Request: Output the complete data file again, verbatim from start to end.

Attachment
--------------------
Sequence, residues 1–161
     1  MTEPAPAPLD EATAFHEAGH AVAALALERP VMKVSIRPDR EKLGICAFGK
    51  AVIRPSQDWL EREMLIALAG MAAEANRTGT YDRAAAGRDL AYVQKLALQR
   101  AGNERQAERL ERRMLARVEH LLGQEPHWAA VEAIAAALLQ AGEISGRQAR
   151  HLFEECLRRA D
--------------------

Sequence, residues 1–161
     1  MTEPAPAPLD EATAFHEAGH AVAALALERP VMKVSIRPDR EKLGICAFGK
    51  AVIRPSQDWL EREMLIALAG MAAEANRTGT YDRAAAGRDL AYVQKLALQR
   101  AGNERQAERL ERRMLARVEH LLGQEPHWAA VEAIAAALLQ AGEISGRQAR
   151  HLFEECLRRA D